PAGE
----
Prices of new homes in 36 of China’s largest cities rose by an average of 2.07% month-on-month, 5.28 percentage points less than December’s figure, the National Development and Reform Commission said. The latest data suggest Beijing’s incremental tightening of the property market is beginning to take effect.
After spiraling housing prices amid low supply and high liquidity raised concerns about asset price bubbles, the government responded by ordering banks to slow lending and gradually reinstating pre-downturn mortgage discount rates and lending criteria on second- and third-home purchases. Beijing wants to take the steam out of the property market, but not cripple it by bringing about the month-on-month contractions in new home prices experienced over a year ago. Striking a policy balance that delivers sustainable growth will be one of the government’s main focuses this year.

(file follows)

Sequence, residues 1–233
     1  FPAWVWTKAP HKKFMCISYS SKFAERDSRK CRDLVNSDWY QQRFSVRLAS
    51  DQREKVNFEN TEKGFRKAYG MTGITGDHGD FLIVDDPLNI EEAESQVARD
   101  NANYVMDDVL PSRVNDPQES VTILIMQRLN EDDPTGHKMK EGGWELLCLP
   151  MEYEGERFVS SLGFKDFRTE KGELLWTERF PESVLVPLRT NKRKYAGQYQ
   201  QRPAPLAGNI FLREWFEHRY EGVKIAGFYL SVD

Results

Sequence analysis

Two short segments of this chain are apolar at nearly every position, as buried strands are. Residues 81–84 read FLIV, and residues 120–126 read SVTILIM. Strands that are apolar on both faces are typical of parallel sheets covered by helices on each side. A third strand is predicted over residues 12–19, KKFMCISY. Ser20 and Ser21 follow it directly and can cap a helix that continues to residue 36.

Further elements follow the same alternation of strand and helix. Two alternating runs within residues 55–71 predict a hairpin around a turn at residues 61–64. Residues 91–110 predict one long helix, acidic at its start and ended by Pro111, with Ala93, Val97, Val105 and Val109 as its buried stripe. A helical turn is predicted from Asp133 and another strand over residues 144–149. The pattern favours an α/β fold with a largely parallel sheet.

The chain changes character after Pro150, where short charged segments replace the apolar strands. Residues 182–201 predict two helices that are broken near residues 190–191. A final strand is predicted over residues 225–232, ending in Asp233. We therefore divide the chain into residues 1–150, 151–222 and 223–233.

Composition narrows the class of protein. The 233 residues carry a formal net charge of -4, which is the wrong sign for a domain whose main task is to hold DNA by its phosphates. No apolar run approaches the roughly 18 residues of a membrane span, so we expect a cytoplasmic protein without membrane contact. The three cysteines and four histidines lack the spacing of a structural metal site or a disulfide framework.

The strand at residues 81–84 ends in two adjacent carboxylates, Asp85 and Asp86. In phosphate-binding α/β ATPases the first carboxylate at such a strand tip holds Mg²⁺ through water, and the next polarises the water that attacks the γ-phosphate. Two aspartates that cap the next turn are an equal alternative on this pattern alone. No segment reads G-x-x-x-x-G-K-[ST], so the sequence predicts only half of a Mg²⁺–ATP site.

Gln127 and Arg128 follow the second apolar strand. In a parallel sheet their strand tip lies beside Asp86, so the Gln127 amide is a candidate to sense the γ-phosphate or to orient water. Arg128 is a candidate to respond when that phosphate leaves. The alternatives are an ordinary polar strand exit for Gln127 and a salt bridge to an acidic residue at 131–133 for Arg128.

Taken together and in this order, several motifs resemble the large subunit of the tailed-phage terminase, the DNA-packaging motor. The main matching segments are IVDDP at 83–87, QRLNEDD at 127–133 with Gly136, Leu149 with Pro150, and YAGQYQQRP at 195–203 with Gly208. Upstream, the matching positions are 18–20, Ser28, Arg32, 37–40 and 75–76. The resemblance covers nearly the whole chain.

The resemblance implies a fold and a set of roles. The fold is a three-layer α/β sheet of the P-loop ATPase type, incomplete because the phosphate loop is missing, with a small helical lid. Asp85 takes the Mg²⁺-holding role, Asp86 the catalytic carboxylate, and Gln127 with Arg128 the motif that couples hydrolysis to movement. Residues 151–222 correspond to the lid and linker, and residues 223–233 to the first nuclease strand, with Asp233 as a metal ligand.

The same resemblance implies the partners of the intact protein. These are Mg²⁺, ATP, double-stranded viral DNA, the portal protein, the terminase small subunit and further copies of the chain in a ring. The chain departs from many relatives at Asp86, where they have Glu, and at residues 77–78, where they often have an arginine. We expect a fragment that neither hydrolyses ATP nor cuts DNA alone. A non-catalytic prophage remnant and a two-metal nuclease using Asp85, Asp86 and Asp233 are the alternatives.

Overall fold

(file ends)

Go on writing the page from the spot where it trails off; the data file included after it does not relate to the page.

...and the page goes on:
While sales prices and volumes will be more volatile in tier-one cities where there is a greater amount of speculation, end-user demand is still strong, particularly in second- and third-tier cities. A nationwide correction in new home prices is unlikely but price growth will continue to slide.